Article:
November 12, 2022

Air Pressure Experiments incluing Egg in a Bottle

Share

Are you tired of ads too?

For a small fee you can get this site – and all the free goodies – 100% ad-free!

Help your kids learn about and understand air pressure by helping them understand that air is real, expresses energy, and exerts pressure with these fun, hands on air pressure experiments for kids of all ages from preschool, pre-k, kindergaten, first grade, 2nd grade, 3rd grade, and 4th graders. This lesson includes fun air pressure for kids explanations including egg in a bottle project,Â air pressure experiments with water, or tryÂ air pressure straw experiment. Plus we’ve included the classic air pressure can crusher inÂ thisÂ  introduction to be able to understand how airplanes fly.

Air Pressure Experiments

Kids are going to be so impressed when learning about air with these amazing Air Pressure Science Project. From blowing up a balloon with hot water to aÂ egg in a bottle experiment and more – we have so many fun ways to learn aboutÂ air pressure for kids TheseÂ air pressure science experiments are perfect for preschoolers, kindergartners, grade 1, grade 2, grade 3, and grade 4 students.

Easy air experiments

In this water bottle experiment air pressure you will be able to show kids that air is real. Show them an empty soda bottle and ask them what is inside – chances are they will say nothing. Now put a balloon over the top.

Set 2 liter bottle in boiling water and watch the balloon inflate. (as air is heated the molecules spread out)

If it were empty how could it inflate? Air is real – we just can’t see it!

Air pressure experiment

You will need an empty soda can which you put just a little water in. Now heat it on the stove until hot. Meanwhile get ready a large bowl of ice water.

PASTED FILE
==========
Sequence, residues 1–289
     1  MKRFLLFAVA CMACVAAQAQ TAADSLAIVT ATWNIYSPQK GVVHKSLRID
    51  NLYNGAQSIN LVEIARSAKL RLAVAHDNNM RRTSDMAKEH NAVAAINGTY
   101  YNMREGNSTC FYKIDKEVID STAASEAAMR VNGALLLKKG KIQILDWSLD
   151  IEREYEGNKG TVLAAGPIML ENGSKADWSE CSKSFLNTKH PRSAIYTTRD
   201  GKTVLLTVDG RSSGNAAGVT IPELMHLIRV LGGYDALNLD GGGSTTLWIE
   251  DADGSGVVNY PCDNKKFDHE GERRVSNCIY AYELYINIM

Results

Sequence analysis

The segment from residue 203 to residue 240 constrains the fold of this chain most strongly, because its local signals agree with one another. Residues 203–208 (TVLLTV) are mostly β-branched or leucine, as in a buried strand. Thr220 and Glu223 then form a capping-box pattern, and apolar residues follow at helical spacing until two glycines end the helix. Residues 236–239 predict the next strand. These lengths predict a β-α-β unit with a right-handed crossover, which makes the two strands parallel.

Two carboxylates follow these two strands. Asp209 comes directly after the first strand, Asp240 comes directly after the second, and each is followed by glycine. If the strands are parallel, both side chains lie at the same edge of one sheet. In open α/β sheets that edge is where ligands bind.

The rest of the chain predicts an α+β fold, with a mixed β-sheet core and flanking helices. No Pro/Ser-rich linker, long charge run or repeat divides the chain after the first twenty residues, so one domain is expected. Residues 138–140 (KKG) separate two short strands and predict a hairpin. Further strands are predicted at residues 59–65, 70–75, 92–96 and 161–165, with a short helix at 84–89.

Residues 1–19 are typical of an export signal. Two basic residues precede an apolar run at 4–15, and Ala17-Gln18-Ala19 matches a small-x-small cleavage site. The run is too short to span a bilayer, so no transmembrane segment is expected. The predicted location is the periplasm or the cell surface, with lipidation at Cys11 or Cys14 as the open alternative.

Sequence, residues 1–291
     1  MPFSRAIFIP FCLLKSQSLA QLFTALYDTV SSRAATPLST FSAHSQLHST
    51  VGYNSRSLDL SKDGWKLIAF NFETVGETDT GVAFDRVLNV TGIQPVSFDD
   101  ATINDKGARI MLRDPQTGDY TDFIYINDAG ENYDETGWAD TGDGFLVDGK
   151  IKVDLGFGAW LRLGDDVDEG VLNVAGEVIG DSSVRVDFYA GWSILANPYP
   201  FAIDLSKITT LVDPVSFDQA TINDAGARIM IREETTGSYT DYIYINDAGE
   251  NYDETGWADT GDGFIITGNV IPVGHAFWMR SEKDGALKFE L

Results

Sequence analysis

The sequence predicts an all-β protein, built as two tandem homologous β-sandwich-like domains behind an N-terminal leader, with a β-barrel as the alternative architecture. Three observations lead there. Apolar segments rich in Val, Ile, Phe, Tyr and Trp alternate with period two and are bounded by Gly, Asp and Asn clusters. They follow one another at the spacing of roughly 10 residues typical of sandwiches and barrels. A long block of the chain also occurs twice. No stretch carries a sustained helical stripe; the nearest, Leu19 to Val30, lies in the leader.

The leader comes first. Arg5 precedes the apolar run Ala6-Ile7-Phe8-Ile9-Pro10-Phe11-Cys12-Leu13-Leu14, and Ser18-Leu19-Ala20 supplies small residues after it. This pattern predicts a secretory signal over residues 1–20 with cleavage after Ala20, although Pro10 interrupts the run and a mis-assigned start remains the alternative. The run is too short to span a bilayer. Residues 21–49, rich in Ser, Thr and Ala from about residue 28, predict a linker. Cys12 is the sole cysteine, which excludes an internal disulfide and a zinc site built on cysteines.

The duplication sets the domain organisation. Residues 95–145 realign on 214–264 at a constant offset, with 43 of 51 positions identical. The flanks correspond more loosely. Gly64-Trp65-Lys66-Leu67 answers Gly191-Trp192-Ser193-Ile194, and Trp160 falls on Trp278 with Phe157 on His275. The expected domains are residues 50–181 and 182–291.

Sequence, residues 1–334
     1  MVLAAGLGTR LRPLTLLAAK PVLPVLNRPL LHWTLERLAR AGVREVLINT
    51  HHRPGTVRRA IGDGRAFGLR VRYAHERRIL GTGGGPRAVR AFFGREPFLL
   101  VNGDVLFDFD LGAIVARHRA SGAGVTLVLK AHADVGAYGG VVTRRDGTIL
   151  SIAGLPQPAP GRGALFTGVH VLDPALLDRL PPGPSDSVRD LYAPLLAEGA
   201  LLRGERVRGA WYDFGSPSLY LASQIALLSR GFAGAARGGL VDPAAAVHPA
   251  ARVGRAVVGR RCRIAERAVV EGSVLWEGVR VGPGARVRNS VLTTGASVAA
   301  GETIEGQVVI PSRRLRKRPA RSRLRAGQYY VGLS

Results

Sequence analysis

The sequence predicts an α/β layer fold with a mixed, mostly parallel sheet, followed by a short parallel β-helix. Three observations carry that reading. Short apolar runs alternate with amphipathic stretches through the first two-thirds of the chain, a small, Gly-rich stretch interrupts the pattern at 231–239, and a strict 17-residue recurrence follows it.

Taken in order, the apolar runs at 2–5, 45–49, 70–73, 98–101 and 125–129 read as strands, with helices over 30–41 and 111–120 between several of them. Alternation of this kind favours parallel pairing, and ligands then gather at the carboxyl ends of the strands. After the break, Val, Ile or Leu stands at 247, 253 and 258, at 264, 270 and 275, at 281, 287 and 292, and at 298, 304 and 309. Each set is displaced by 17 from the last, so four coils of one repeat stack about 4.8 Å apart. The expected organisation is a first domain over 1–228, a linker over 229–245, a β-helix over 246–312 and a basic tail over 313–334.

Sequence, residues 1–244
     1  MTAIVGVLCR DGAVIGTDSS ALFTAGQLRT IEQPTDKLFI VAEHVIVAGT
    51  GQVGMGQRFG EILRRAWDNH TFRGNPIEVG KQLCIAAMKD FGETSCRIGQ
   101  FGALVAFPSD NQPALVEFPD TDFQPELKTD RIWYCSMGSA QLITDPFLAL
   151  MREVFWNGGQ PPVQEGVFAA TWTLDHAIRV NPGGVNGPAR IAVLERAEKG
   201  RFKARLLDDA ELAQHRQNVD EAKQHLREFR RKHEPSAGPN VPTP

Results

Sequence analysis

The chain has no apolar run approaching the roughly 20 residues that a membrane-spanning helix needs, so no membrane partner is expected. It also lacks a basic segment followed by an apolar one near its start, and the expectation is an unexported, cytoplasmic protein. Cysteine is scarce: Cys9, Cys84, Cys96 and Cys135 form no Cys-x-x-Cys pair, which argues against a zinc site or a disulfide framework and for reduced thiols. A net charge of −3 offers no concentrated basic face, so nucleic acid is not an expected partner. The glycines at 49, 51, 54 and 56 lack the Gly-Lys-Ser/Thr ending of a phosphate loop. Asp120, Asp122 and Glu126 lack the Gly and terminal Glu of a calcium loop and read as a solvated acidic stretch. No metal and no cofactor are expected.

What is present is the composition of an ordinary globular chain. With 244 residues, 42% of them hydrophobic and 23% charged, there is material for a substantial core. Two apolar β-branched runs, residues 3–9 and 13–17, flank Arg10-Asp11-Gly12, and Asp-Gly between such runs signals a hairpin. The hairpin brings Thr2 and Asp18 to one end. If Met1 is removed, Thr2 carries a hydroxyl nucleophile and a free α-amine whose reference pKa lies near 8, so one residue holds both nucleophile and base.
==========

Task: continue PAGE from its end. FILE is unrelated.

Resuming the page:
Now using tongs quickly put the hotÂ can in the very coldÂ water. It should collapse.

As the water was brought to a boil, the can quickly filled with steam which pushed out all the air. When the steam is cooled off by the cold water, it condenses into a few drops of water, leaving a vacuum in its place. The air crushes the can as it tries to get inside.
Think of examples of air pressureÂ in nature: wind, tornado, or even when your ears pop when the plane goes up.

Air pressure experiments with water

Pick two children to compete in this science project. They should both have a glass containing a beverage. Put a straw in each glass, but one of the straws should have holes in them. Have the children compete to see who can drink the liquid the quickest.

The child trying to drink out of the straw with holes in it will be unsuccessful. Give them a new straw to drink and then explain about air pressureÂ and straws.
When you sip on a straw, you lower the air pressure inside the straw. As a result, the outside air pressure, which is greater, pushes down on the surface of the liquid, forcing it to move up the straw. When some of you sipped on the straw with the holes, however, the air pressure was pulled directly inside via the holes. The pressure did not exert itself on the water, so the water did not rise up your straw.
Â

Egg in a bottle

For this egg in a bottle experiment explain that just like water contracts when frozen or expands when heated, air does as well. Demonstrate this by giving everyone a bottle with an opening that is too small for the hard boiled egg to fit through.
Have an adult light a fire on a rolled up piece of paper and quickly drop it in the bottle. When the flame has gone out quickly set the egg on top of the bottle – watch as the egg is sucked into the bottle.
When the fire goes out it cools off and shrinks, or contracts. As it contracts, it leaves a partial vacuum inside. The outside air that was pushed out earlier then pushes the egg into the bottle as it tries to get back inside.
Â

Pressure experiments

Now reverse the experiment. Place the bottle in a bowl of very hotÂ water. The air expands and needs somewhere to go so it will push the egg out to have more room.

Air pressure experiments for 5th grade

Here you can see our Egg in a Bottle Science Experiment in reverse!

Â Â Â

Plus don’t miss these book to help explain air pressure to kids.

Â

Science Exeriments for Kids

Looking for lots more fun, science experiments for kids? You’ve GOT to try some of these outrageously fun science experiments for kids! We have so many fun, creative and easy science experiments for elementary age children:

Easy Science Experiments

Response
1. denise

thank you soo much, these are all so great!!! I am working on our library’s summer reading program, and I can’t tell you how helpful all these have been!!!